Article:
German Luftwaffe Warplanes, 1939-1945: Messerschmitt Bf 109

Axis Warplane Survivors, German Aircraft:

Messerschmitt Bf 109

Axis Warplane Survivors, deutsche Flugzeuge: Messerschmitt Bf 109

The aim of this website is to locate, identify and document Warplanes from the Second World War that have been preserved.  Many contributors have assisted in the hunt for these aircraft to provide and update the data on this website.  Photos are as credited.  Any errors found here are by the author, and any additions, corrections or amendments to this list of Warplane Survivors of the Second World War would be most welcome and may be e-mailed to the author at

Ziel dieser Website ist es, erhaltene Kampfflugzeuge aus dem Zweiten Weltkrieg zu lokalisieren, zu identifizieren und zu dokumentieren. Viele Mitwirkende haben bei der Suche nach diesen Flugzeugen mitgewirkt, um die Daten auf dieser Website.bereitzustellen und zu aktualisieren. Fotos gelten als gutgeschrieben. Alle hier gefundenen Fehler sind vom Autor und Ergänzungen, Korrekturen oder Ergänzungen zu dieser Liste der Überlebenden des Zweiten Weltkriegs sind sehr willkommen und können per E-Mail an den Autor unter gesendet werden.

Messerschmitt Bf 109F three flight formation in Luftwaffe service.  (Luftwaffe Photo)

Messerschmitt Bf 109E-4/Trop, coded "Black 8", JG 27, operating from Libya, 1941.  (Luftwaffe Photo)

The Messerschmitt Bf 109 was a Luftwaffe single-seat fighter manufactured by Bayerische FlugzeugWerk. This aircraft was flown by the majority of Luftwaffe air aces and was used to score more kills than any other Axis aircraft. More than 30,000 Bf 109 were produced and at least a dozen major variants were developed during and after the war.

Post war, in addition to the Spanish and Czechoslovakian Air Forces, both Finland and Switzerland continued to use the Bf 109 operationally until the late 1950s.  The then-new nation of Israel purchased 25 Avia S-199s (23 delivered) when, due to being embargoed, it was unable to acquire aircraft from other sources. The Israel Air Force retired its aircraft in early 1949.

Between 1945 & 1948, most Bf 109s were scrapped or destroyed.  Some examples were kept for use as war trophies or technical examples for further studies.  For the next 23 years, these were the first generation of Bf 109 survivors.

In 1967, the producers of the movie Battle of Britain wanted a large and accurate group of aircraft for use onscreen. Fortunately, the Spanish Air Force was starting to retire its HA-1112s and an agreement was reached to use these aircraft. The Confederate Air Force (later renamed the Commemorative Air Force), had also just purchased numerous examples of the HA-1112. These aircraft were also leased for the production of this movie. For the next 35 years, these Spanish Bf 109s were the mainstay for numerous Second World War aviation movies and television work, including Hanover Street, Memphis Belle, The Tuskegee Airmen and Piece of Cake just to name a few.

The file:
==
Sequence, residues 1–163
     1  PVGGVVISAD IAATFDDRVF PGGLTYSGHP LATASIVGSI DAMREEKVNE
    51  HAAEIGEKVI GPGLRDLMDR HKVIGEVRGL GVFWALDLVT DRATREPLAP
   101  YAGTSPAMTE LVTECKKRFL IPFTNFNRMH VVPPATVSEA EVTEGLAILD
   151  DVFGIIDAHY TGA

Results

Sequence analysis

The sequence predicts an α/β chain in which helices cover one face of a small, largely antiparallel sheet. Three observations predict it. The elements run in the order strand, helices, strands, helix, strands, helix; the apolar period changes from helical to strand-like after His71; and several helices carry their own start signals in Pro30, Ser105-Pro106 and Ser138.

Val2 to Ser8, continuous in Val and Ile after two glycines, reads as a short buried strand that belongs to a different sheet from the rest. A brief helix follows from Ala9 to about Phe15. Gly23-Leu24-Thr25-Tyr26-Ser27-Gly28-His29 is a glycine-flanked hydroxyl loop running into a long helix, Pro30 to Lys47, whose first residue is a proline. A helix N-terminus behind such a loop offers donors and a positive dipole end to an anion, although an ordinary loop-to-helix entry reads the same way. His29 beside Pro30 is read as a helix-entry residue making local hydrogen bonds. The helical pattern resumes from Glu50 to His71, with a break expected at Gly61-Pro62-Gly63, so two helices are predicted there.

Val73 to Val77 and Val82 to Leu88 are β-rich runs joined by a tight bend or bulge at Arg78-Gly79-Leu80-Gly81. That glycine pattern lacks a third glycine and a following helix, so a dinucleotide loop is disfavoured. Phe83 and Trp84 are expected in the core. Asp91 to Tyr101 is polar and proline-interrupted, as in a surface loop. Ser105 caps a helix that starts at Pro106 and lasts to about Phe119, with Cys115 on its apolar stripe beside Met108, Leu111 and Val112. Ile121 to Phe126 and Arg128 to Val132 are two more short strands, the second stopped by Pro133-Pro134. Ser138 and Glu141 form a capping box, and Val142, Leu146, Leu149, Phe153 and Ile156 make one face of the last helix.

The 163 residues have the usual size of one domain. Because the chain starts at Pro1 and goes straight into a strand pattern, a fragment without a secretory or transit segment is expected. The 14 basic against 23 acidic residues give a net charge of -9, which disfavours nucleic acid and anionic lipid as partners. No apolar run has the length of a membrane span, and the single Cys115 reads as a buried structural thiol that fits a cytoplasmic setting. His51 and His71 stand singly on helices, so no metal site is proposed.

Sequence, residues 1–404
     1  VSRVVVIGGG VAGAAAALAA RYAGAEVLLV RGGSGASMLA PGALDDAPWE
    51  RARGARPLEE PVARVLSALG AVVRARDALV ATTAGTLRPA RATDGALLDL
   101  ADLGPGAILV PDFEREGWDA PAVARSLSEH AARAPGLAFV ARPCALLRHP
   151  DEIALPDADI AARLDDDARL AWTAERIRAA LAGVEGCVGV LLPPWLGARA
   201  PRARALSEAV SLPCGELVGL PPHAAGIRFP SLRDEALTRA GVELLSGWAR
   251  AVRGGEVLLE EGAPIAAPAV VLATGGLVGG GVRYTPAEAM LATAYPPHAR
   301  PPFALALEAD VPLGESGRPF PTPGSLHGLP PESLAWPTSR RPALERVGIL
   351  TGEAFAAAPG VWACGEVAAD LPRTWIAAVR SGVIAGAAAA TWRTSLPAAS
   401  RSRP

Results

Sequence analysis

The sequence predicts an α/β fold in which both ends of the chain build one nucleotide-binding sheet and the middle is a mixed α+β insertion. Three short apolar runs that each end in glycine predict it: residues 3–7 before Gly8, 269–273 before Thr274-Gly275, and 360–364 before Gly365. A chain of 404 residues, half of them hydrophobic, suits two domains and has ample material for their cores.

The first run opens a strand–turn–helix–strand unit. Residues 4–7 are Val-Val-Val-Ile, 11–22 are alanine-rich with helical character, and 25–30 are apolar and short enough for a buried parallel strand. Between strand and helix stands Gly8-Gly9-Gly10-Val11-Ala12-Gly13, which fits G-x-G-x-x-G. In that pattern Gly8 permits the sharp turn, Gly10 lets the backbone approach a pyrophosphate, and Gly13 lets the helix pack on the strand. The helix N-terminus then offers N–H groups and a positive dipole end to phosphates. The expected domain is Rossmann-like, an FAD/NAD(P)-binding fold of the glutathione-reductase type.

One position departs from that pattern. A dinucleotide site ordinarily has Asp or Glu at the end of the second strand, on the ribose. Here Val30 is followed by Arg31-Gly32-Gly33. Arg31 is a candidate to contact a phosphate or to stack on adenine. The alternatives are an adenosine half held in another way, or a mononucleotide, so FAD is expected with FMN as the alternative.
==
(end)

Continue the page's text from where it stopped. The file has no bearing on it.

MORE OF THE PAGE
Starting in late 1988, Bf 109s were among numerous crashed examples of Second World War aircraft still extant in Russia that were being recovered for restoration. Other examples of the early models of the Bf 109 have been found in crash sites in France and Italy (as well as several aircraft recovered where they had been buried in Germany). These aircraft with known combat histories are the foundation of the current wave of recovered/restored Bf 109s with further discoveries anticipated.

About twenty of the surviving Bf 109s that have survived served at one time with the Luftwaffe fighter wing Jagdgeschwader 5, more than with any other Axis military aviation unit that existed in the Second World War.

Bf 109 B-0/V-10a, (Wk. Nr. 1010). During excavation works at Oberschleißheim/Munich in 1989, a number of buried aircraft wrecks were discovered. One was a rarity from 1937, a Bf 109 B/V-10a. This aircraft is the oldest existing Bf 109, and is owned by the Bayerische Flugzeug Historiker, Reg. No. D-IAKO.   The aircraft is being restored under the patronage of the Bayerischen Flugzeug Historiker e.V. Identification of the wreck had been difficult, but it was found to be 80% complete. Because of the damage to the aircraft’s Jumo 210 engine, it was given to the Deutsches Museum, while the restorers search for a more intact Jumo 210. The aircraft will likely be restored to static condition for display.

(Arun Sarup Photo)

Messerschmitt Bf 109E-1, (Wk. Nr. 790), coded "6-106", JG2/88, Condor Legion, Spanish Air Force C4E-106, <-+-, AJ+YM, 2804, is preserved in the Deutsches Museum in Munich, Germany. This aircraft was originally built as an E-1, and may be the oldest surviving Bf 109, as it was produced in 1939. It was flown by the 2./J88 in Spain with the Condor Legion, carrying the code 6 o 106. 790 remained in Spain after the Spanish Civil War, and was used by the Spanish Air Force, serving with a number of fighter squadrons until 1954. Spain transferred the aircraft to the Deutsches Museum at the request of Willy Messerschmitt in 1960 wearing the colours of JG 26, and was repainted with the code AJ+YH. In 1974, the aircraft was again repainted, and currently wears the markings of a Bf 109, flown by Werner Mölders during his time with the JG 51.